NewsCrime Desk

Second victim in samurai sword attack dies in hospital

Attack: Lindsay (pictured) and Wightman were hacked to death with a samurai sword
Attack: Lindsay (pictured) and Wightman were hacked to death with a samurai sword

The second victim of a sword attack that killed a senior loyalist paramilitary has died in hospital.

Stanley Wightman, 52, sustained critical injuries in the incident in the Belvoir estate that claimed the life of veteran Ulster Defence Association (UDA) chief Colin "Bap" Lindsay, 47.

The men were found with severe injuries lying in the living room of Mr Lindsay's home.

Mr Wightman had undergone emergency surgery at Belfast's Royal Victoria Hospital and had "significant injuries" to his neck and arms.

Sunday World sources have confirmed that friends and family of Mr Wightman had been by his bedside before he passed away.

Albert Armstrong, 46, was remanded in custody by a district judge today charged with the murder of Mr Lindsay and the attempted murder of Mr Wightman.

It is understood police are now making arrangements to amend the charge in relation to Mr Wightman.

Mr Lindsay and Mr Wightman were hacked with a samurai sword in the attack in the living room of Mr Lindsay's own house on Kirkistown Walk on Wednesday night.

Armstrong, of Mahee Close on the Belvoir estate, appeared in Newtownards Magistrates Court today.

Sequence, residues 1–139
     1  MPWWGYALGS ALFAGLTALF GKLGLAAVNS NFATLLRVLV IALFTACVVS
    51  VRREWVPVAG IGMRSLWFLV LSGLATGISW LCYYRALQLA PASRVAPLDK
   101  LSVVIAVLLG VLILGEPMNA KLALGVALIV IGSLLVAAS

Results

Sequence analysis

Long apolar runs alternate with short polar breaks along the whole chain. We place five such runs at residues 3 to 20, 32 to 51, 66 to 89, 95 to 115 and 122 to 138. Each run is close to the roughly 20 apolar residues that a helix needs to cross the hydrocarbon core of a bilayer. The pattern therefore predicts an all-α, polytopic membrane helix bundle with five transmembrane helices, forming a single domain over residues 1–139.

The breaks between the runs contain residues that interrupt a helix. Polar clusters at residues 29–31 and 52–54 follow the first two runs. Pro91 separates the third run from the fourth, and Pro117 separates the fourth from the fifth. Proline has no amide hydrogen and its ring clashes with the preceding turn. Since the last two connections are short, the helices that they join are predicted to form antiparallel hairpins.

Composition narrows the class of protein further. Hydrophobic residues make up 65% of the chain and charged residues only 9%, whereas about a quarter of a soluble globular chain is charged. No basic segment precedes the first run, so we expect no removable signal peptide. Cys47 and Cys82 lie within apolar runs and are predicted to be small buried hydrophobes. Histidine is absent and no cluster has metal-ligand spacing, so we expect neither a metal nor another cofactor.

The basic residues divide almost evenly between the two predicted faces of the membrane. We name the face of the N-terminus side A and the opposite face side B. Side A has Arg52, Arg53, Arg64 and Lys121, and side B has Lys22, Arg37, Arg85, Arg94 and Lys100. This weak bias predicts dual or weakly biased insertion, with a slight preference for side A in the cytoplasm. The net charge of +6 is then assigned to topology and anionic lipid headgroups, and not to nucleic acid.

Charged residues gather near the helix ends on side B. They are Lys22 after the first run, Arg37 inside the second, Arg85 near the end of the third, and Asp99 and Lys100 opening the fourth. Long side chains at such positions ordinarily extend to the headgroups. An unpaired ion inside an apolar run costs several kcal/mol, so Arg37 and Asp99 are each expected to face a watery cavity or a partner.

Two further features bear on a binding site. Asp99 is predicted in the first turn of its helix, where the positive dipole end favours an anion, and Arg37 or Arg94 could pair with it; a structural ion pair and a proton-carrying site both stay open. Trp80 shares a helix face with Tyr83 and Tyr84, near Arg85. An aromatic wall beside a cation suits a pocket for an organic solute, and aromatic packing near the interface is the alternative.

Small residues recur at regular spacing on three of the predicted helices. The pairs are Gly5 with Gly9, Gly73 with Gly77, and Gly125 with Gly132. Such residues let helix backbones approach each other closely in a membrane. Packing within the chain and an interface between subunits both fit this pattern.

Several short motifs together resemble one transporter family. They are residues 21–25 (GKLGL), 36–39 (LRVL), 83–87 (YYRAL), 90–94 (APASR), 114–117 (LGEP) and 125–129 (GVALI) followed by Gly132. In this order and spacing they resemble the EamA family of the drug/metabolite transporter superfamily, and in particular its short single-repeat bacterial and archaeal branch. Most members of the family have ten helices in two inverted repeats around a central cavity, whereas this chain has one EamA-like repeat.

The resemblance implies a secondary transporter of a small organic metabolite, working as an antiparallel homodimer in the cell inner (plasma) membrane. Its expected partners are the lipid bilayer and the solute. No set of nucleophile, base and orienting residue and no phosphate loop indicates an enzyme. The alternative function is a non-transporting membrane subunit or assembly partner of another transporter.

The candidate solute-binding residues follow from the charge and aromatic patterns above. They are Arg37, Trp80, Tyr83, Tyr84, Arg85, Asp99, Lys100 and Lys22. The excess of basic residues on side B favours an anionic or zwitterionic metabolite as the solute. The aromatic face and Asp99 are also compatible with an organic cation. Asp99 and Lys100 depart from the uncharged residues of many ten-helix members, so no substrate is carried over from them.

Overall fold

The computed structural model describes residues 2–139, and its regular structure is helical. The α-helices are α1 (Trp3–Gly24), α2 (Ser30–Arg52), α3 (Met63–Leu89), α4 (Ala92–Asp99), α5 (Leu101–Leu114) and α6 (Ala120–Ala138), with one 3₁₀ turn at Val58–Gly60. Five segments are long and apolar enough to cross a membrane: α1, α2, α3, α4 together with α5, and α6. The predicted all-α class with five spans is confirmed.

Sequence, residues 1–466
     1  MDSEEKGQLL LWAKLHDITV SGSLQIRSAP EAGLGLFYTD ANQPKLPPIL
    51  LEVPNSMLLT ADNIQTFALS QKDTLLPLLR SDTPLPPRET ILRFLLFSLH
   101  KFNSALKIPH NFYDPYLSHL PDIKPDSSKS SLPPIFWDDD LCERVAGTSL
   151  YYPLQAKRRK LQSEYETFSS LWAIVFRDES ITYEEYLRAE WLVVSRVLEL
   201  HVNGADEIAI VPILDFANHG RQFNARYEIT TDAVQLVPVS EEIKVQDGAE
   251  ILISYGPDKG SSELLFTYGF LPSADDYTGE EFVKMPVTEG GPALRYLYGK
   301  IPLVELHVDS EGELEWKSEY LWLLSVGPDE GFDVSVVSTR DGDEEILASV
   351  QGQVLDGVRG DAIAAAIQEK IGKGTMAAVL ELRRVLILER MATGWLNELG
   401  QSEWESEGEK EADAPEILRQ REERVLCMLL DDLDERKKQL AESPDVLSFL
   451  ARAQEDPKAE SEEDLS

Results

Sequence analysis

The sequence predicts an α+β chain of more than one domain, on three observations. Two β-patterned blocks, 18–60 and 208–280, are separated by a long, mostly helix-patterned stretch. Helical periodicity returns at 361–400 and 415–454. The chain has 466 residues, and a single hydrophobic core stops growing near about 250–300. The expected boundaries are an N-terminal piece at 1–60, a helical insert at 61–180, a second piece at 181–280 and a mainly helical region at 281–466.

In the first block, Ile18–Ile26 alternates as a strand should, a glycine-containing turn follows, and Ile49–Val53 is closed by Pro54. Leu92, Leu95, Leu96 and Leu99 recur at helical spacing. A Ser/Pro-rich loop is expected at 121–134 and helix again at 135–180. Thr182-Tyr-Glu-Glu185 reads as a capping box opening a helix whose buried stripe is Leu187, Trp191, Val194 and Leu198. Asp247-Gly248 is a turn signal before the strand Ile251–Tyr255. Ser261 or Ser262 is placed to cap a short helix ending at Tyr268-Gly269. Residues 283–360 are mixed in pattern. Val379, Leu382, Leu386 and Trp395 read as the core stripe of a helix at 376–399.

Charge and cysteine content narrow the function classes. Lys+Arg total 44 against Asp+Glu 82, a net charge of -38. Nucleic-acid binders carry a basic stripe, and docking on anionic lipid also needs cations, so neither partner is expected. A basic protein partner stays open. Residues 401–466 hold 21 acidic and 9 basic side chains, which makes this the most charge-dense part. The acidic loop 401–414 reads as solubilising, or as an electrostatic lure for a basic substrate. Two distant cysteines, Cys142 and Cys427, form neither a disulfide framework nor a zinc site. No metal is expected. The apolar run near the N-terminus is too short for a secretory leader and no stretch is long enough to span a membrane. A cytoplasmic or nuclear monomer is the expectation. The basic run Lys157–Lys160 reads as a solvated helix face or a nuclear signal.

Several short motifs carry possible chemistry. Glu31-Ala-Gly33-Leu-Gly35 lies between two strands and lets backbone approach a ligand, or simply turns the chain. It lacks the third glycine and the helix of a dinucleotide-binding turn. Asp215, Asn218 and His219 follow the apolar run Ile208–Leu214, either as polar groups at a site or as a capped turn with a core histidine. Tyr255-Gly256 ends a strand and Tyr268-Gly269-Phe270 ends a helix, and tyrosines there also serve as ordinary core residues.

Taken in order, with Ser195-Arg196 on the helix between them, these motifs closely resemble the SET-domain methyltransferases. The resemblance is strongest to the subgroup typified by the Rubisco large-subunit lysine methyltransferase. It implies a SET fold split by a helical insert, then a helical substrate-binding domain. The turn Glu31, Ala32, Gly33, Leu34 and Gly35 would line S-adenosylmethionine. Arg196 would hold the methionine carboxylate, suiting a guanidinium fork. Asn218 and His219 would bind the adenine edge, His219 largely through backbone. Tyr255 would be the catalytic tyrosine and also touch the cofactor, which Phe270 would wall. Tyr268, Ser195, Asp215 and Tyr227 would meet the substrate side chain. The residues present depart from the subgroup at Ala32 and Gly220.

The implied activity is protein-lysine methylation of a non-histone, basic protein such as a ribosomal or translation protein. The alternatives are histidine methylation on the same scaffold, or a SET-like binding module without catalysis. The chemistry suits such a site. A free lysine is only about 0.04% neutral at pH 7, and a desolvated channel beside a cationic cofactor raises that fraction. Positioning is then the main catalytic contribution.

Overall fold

Standing in the dock wearing a grey fleece tracksuit top and bottoms, he spoke only to confirm his name, then nodded to acknowledge he understood the charges facing him.

Ahead of the hearing, District Judge Des Perry said he was aware the case was "emotive" but warned that any disturbance would force him to clear the court.

In the event, the brief hearing passed without incident amid a high police presence.

Armstrong's solicitor did not make a bail application.

Judge Perry remanded the accused in custody to appear in court again, via videolink, on August 7.

Announcing Mr Wightman's death this evening, the officer leading the investigation reiterated an appeal for public information about what happened.

Detective Chief Inspector Richard Campbell said: "We want to hear from anyone who saw or spoke to Colin Lindsay, Stanley Wightman or Albert Armstrong at any time on Wednesday or who knows anything about their movements."